DISCOGRAPHY OF


CELESTINE UKWU & HIS PHILOSOPHERS NATIONAL

Most Nigerian pop stars adopt or acquire titles like King, Sir, Lord, Cardinal, etc, but the great Celestine Ukwu was happy to be a humble Professor and his band had the poetic name of the Philosophers. Ukwu began his career in the 1960s in Enugu, capital of the Eastern Region of Nigeria under Mike Ejeagha. He moved back to Onitsha where he formed the Music Royals, but the Biafran war put an end to their career in 1967. After the war he resurrected the band in the early 70s as the Philosophers National. Tragically Celestine Ukwu died in a car crash on 8 May 1977, not yet forty.

The liner notes to His Philosophies expound on his music:

"Listening to Celestine Ukwu generally and to this album in particular, he was not influenced by anybody. He evolved his own style and this is why he is an innovator and a true artist like Rex Lawson.

"His soft, gentle-paced music is totally reflective of his personality. He was soft-spoken, gentle, unassuming and highly talented.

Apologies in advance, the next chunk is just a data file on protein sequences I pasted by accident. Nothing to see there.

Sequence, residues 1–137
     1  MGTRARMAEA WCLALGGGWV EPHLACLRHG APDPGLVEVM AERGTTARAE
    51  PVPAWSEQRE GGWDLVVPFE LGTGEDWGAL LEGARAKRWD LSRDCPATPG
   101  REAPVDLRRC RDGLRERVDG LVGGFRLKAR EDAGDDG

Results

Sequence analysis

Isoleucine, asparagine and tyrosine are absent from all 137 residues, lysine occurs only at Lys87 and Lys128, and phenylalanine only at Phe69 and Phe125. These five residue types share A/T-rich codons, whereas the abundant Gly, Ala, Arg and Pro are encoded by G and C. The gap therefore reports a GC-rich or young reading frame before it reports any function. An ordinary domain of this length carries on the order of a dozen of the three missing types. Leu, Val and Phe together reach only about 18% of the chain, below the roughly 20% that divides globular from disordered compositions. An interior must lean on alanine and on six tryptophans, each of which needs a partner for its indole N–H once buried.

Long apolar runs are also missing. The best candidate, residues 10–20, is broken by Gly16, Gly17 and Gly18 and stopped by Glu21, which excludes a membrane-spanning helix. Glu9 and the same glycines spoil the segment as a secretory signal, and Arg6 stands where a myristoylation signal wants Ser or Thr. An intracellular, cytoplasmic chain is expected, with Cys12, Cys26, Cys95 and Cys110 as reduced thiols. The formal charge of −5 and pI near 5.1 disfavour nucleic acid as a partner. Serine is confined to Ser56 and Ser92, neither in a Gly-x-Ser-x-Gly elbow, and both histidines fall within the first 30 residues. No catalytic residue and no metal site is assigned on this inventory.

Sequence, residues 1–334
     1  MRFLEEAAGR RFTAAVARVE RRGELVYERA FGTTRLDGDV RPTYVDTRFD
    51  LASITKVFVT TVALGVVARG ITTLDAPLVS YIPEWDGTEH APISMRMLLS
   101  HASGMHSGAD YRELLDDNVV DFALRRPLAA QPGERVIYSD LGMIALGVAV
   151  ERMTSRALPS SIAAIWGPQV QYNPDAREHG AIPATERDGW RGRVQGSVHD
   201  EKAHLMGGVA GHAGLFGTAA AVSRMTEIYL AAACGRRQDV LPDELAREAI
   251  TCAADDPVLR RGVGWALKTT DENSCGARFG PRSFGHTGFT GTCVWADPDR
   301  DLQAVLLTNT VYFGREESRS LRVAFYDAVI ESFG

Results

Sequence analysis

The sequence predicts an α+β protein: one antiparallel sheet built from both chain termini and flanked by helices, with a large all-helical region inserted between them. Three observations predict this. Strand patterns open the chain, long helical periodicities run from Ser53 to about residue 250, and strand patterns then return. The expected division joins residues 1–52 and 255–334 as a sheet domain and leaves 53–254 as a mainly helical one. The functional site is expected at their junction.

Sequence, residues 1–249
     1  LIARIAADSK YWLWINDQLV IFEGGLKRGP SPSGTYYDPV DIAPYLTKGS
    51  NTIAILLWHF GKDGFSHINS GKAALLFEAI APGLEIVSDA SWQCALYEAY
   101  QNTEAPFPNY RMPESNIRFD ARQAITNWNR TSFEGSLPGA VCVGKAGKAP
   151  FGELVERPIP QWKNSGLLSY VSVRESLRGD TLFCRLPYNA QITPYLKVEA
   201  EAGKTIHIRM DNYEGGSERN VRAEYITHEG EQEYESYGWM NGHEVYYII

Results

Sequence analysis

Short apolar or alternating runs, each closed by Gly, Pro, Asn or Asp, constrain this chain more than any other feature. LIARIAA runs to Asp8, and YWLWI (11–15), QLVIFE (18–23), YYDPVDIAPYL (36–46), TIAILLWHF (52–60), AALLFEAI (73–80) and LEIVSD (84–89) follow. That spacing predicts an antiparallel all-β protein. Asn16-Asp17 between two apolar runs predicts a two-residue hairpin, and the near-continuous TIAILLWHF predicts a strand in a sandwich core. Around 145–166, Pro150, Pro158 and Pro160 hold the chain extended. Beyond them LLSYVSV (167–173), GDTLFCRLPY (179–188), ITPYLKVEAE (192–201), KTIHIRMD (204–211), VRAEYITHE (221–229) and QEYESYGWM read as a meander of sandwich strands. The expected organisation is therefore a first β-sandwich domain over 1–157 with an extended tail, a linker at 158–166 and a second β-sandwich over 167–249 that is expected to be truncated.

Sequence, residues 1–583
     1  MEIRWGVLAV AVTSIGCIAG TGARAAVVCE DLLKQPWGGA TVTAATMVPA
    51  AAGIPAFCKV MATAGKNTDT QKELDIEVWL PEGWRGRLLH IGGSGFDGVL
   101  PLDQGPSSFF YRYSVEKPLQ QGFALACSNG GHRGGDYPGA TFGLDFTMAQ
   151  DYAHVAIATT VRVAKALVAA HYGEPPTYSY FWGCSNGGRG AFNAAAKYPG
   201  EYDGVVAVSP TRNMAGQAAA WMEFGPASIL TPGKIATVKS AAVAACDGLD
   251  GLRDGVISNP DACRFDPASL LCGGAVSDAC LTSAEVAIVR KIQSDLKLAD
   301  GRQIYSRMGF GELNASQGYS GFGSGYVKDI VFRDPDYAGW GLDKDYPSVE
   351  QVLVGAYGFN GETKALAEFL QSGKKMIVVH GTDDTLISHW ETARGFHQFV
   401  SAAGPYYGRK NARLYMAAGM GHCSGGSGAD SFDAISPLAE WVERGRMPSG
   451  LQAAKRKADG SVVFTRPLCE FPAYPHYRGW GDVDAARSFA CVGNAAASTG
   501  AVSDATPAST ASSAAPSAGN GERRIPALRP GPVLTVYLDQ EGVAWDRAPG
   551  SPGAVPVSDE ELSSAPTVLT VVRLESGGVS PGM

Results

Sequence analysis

"But perhaps what accounted mainly for his success was the fact that he was able to build the keyboards into highlife, blending and fusing them in an exotic manner with heavily accented percussion without losing the traditional flavour and rhythmic concept of the music.

"In the same vein, he introduced into highlife a great sense of group-vocal harmony singing, evident on the Efik song "Uwem Ereri Mbot' Emi" and he adopted a simple yet effective style of orchestration completely devoid of improvisations and embellishments, but thematic and basic in harmony and entire structure. 'Elege' is a fine example.